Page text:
ISSN 2398-2977      

Skin: food hypersensitivity

pequis

Synonym(s): Food allergy, Adverse food reaction


Introduction

  • Cause: skin disease triggered by ingestion of a substance found in the horse's diet.
  • Signs: urticaria, pruritis, scaling/crusting.
  • Diagnosis: food trial, skin scraping.
  • Treatment: avoidance of allergen, glucocorticoids, antihistamines.
  • Prognosis: good.

Pathogenesis

Etiology

  • Food allergens or nutritional supplements.

Predisposing factors

General

Pathophysiology

  • Several types of hypersensitivity may develop to food allergens.
  • The most commonly accepted is type I hypersensitivity, although type III and IV reactions are also suspected.
  • IgE are produced against allergens contained in the horse's diet (usually proteins). IgE bind to mast cells and upon re-exposure → mast cell degranulation and release of histamine and other mediators, eg prostaglandins and leukotrienes. These mediators → recruitment of inflammatory cells, eg eosinophils, in the skin.

Timecourse

  • Sensitization occurs over a long period of time, usually many years. During this period of time the animal is exposed to the antigen, but it does not develop clinical signs.
  • Once sensitization has occurred symptoms can be triggered within minutes to hours from the exposure to the offending food, depending on the type of hypersensitivity that is involved.

Diagnosis

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Treatment

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Prevention

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Outcomes

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Further Reading

Publications

Refereed papers

  • Recent references from PubMed and VetMedResource.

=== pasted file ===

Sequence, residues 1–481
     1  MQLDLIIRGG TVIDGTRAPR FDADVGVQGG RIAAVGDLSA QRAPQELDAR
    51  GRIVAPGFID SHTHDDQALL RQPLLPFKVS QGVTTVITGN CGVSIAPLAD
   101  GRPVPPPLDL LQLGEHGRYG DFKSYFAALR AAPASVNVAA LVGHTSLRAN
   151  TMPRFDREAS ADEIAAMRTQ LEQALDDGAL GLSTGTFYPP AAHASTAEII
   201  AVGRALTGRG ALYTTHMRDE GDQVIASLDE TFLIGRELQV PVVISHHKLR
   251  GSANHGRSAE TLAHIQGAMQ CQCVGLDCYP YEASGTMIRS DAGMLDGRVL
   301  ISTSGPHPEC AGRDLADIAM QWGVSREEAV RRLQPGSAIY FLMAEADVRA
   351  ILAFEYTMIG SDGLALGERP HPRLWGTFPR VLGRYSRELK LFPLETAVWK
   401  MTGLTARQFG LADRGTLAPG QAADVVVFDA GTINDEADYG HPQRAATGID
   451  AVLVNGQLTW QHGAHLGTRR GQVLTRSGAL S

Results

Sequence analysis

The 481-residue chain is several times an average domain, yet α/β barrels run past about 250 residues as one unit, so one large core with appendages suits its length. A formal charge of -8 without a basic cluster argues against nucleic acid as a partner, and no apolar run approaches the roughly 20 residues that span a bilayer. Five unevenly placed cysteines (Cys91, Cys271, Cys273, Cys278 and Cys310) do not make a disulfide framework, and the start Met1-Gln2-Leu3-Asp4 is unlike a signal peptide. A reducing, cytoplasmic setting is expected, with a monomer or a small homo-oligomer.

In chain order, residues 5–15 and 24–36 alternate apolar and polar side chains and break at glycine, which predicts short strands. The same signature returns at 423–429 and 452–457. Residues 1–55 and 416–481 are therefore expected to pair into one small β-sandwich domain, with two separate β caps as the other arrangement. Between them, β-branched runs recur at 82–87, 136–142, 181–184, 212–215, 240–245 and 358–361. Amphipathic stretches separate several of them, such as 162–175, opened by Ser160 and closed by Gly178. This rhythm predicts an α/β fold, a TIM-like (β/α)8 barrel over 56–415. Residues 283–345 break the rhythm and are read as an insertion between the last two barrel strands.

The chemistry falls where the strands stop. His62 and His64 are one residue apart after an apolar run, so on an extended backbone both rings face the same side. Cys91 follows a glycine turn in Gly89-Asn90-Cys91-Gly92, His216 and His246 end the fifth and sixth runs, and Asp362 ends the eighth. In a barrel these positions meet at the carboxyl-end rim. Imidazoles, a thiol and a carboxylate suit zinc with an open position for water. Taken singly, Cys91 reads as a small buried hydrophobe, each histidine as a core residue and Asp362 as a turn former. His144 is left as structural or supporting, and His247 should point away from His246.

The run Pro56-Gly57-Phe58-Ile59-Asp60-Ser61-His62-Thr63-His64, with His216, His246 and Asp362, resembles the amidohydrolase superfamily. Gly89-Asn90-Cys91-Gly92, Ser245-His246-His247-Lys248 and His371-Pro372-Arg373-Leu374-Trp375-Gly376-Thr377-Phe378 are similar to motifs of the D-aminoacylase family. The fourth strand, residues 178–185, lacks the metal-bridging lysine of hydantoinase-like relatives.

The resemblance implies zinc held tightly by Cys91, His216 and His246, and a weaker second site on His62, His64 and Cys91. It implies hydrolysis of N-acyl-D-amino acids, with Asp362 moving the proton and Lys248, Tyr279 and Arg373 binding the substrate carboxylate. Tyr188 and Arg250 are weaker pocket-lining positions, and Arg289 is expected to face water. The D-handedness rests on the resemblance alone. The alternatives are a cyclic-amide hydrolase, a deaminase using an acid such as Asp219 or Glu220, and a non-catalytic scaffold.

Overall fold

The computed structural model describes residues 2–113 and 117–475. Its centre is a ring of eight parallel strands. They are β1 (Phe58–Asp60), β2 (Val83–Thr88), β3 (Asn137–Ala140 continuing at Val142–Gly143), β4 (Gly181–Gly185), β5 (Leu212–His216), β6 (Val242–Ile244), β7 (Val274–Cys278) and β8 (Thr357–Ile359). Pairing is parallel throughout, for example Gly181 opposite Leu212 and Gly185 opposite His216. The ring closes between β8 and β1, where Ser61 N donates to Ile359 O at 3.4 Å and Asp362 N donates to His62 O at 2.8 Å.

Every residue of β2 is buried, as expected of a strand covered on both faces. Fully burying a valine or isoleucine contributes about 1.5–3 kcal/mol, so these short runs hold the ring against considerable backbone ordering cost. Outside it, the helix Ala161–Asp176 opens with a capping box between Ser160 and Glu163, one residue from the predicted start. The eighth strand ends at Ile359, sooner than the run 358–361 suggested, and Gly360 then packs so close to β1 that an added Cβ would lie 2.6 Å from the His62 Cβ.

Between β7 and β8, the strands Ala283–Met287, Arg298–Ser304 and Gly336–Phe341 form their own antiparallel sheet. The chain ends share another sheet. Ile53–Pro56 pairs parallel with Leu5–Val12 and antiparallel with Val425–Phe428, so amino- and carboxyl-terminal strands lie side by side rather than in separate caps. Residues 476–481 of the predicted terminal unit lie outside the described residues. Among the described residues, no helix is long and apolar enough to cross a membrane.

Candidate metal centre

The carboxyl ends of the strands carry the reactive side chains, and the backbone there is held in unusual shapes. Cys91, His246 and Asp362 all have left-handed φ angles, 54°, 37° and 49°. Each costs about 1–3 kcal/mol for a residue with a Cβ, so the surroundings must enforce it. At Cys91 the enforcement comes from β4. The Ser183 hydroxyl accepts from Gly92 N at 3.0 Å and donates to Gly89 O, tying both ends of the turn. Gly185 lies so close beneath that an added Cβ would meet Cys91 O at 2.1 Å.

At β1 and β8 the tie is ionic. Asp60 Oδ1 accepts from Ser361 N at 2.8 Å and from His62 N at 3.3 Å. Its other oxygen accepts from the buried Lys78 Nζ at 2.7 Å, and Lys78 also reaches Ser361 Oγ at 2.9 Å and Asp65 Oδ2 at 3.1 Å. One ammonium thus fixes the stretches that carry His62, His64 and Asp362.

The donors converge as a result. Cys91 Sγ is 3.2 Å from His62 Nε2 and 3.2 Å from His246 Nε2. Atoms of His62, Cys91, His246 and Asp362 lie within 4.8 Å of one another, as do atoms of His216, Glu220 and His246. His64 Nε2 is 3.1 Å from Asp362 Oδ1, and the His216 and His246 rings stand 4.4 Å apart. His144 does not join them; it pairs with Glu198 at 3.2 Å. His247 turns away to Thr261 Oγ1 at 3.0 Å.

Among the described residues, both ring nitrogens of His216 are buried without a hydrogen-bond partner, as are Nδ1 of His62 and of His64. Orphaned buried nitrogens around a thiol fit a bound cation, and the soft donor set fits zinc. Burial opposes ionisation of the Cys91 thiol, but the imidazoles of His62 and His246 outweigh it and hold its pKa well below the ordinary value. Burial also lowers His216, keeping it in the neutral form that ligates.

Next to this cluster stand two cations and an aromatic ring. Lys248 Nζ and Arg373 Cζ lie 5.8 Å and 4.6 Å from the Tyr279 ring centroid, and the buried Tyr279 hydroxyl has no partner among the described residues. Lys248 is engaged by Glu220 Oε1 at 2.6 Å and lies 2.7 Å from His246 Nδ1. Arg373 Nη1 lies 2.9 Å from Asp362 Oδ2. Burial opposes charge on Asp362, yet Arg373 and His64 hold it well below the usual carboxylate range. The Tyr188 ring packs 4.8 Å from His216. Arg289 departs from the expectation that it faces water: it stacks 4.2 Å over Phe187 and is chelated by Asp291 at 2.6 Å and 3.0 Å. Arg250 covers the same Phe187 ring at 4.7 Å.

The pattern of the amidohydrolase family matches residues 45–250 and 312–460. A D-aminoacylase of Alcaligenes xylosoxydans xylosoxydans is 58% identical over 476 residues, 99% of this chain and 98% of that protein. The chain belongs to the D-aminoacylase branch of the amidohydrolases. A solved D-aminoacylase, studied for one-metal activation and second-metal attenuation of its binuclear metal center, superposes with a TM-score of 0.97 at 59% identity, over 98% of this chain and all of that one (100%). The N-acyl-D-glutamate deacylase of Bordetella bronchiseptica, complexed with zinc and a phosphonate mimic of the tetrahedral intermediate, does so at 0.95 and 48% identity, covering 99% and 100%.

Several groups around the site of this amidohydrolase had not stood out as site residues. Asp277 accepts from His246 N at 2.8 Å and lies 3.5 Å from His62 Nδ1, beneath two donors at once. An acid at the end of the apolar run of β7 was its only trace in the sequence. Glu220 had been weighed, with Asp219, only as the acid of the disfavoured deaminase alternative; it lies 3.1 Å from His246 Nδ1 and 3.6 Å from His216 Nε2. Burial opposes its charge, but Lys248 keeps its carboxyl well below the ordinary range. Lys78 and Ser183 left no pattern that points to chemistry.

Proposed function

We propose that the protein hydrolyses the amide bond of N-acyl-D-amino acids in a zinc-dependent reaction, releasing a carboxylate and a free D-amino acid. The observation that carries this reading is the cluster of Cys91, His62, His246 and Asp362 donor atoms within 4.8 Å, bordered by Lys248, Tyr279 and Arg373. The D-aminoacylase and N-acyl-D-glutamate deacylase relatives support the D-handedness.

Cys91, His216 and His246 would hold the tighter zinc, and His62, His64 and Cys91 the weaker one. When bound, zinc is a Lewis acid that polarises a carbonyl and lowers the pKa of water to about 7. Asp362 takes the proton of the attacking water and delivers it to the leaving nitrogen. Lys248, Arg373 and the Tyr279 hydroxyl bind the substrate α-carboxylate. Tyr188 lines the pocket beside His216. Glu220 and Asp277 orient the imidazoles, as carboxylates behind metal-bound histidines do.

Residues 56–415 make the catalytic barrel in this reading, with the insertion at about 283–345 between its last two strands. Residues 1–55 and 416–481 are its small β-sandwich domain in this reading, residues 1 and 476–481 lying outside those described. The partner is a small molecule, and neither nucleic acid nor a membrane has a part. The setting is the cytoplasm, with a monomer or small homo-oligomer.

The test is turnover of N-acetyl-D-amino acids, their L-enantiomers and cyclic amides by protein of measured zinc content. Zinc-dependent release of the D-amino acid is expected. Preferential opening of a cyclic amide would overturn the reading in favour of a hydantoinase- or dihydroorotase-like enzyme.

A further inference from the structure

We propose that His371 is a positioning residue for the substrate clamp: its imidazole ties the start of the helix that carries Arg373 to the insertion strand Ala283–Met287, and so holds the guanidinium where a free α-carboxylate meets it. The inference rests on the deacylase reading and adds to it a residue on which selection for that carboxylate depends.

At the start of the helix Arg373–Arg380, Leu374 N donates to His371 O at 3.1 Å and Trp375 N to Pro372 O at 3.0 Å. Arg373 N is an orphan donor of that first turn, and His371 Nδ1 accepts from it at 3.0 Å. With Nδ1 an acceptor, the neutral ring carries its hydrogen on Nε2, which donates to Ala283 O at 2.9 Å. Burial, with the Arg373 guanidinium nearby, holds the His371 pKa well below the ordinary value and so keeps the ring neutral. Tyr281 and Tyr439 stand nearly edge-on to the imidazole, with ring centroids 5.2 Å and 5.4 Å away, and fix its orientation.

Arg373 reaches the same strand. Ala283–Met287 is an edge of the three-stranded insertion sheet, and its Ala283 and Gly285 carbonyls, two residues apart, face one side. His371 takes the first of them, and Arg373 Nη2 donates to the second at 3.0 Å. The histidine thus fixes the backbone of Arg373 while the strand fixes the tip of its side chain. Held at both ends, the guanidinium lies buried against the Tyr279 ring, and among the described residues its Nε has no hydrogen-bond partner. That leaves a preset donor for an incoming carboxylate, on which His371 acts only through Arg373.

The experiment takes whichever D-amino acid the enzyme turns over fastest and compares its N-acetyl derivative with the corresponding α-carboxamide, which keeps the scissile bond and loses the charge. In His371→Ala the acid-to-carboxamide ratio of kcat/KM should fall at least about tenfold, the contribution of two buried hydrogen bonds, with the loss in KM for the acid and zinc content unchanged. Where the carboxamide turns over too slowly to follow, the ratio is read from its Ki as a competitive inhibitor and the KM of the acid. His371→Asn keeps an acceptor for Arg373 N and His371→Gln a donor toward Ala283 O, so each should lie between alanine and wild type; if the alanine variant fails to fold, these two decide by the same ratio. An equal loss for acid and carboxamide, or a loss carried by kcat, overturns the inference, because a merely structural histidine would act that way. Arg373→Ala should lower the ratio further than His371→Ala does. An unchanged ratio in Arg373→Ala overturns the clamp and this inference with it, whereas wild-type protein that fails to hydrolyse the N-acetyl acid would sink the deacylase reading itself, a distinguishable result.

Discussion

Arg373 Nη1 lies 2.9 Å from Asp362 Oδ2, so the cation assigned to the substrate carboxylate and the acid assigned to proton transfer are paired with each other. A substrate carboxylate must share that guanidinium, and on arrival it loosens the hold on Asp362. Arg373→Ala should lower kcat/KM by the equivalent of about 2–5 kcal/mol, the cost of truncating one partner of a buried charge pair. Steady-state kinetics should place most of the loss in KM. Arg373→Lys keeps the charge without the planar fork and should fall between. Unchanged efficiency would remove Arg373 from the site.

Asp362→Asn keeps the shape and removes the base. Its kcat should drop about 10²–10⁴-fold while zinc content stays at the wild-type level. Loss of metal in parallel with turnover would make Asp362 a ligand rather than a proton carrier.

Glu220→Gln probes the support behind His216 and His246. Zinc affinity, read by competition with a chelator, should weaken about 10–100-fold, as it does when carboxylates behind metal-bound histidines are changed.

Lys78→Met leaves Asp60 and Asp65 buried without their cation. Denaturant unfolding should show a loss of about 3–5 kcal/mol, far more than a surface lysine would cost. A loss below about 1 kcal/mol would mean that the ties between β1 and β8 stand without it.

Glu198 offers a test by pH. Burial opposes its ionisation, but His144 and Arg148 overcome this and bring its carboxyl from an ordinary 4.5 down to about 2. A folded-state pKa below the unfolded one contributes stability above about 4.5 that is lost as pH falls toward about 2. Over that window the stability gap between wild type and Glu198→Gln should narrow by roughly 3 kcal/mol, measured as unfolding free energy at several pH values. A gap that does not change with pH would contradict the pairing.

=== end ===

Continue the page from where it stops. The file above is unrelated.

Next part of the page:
• Littlewood J D & Jackson H A (2022) On the possible role of food allergy in chronic urticaria in racing horses. Vet Derm 33 (2), 179 PubMed.
  • Favrot C & Olivry T (2022) On the possible role of food allergy in chronic urticaria in racing horses. Vet Derm 33 (1), 103-104 PubMed.
  • Pali-Schöll I, De Lucia M et al (2017) Comparing immediate-type food reactions in humans and companion animals – revealing unmet needs. Allergy 72 (11), 1643-1656 PubMed.
  • Dupont S, De Spiegeleer A et al (2016) A commercially available immunoglobulin E-based test for food allergy gives inconsistent results in healthy ponies. Equine Vet J 48 (1), 109-113 PubMed.
  • White S D (2015) A diagnostic approach to the pruritic horse. Equine Vet Educ 27 (3), 156-166 WileyOnline.
  • Marsella R (2013) Equine allergy therapy update on the treatment of environmental, insect bite hypersensitivity and food allergies. Vet Clin Equine 29 (3), 551-557 PubMed.
  • Volland-Francqueville M & Sabbah A (2004) Recurrent or chronic urticaria in thoroughbred race-horses: clinical observationsAllerg Immunol 36 (1), 9-12 PubMed.
  • Francqueville M & Sabbah A (1999) Chronic urticaria in sports horsesAllerg Immunol 31 (6), 212-213 PubMed.

Other sources of information

  • Scott D W & Miller W H (2011) Skin Immune System and Allergic Skin Diseases. In: Equine Dermatology. 2nd edn. Saunders, USA. pp 263-313.
  • Knottenbelt D C (2009) Pascoe’s Principles and Practice of Equine Dermatology. 2nd edn. Saunders, USA.
  • Scott D W & Miller W H (2003) Equine Dermatology. W B Saunders, USA. pp 453-458.

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